“The Light in God’s Window”
“For my eyes have seen your salvation, which you have prepared in the sight of all people, a light for revelation to the Gentiles and for glory to your people Israel.” (Luke 2:30-32 NIV)
An almost legendary symbol in some of the older movies was the light left burning in the window as a silent messenger to tell an estranged loved one that he or she was welcome to come home. A modern variation of that theme is the popular song from the 70’s, “Tie a Yellow Ribbon.” But this theme is much older than that. God lit a light in his “window” nearly 2000 years ago.
God threw a party at his Son’s birth, and sent out two different invitations. The first took the form of an angelic band sent to bring the happy news to a group of Jewish shepherds. God’s chosen people, the Jews, we’re being told of the coming of their long-awaited Messiah. But the rest of humanity, the Gentiles, were not excluded from the festivities. The second invitation, a star in the heavens, bore silent witness that God had kept his promise to them as well.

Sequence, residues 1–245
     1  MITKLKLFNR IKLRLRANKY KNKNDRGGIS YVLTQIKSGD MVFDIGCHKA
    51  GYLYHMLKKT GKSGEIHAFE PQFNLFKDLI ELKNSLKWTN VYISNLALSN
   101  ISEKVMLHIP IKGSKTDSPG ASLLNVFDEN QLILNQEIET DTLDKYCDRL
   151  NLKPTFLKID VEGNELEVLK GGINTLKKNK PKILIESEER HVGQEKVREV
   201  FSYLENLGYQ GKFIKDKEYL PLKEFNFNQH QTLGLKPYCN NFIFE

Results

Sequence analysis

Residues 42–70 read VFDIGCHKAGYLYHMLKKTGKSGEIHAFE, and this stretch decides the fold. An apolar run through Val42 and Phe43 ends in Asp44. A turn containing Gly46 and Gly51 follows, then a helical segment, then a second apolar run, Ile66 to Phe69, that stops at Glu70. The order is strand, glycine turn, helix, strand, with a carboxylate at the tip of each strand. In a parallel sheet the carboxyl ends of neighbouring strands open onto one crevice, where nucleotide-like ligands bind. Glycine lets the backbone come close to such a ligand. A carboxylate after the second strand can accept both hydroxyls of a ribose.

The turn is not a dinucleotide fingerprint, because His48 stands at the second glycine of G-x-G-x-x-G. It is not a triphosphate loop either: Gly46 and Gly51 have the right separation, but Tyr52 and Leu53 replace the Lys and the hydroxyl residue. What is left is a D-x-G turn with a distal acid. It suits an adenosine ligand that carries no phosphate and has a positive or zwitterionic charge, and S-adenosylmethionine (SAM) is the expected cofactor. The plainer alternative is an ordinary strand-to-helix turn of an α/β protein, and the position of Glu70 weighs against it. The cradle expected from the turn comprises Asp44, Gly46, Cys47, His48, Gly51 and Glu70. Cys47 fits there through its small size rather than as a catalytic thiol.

That star truly was the light in God’s window. Its message should not be lost today amidst all the man-made glitter of this season. Its message should especially not be ignored by Christians. Our loving Father in Heaven is still waiting to welcome the prodigal son (or daughter) home. As he did 2000 years ago, God is still welcoming both strangers and wayward sons alike to come home.
Christmas is a time for unbelievers to come and adore Him, and embrace him as Lord and Savior. But it is also a time for Christians who have left their first love relationship with Jesus to return home. A birthday party is not much fun to attend if you’re not on speaking terms with the guest of honor. As he promised, Jesus is ready to forgive and receive those who will truly repent and ask his forgiveness.
If this is your situation, you have everything to gain by coming home. If it isn’t, then why not share this message of hope with someone who needs to hear it? The light in God’s window is still lit!
This is an article Dave Sparks, wrote several years ago. (Reprinted by permission)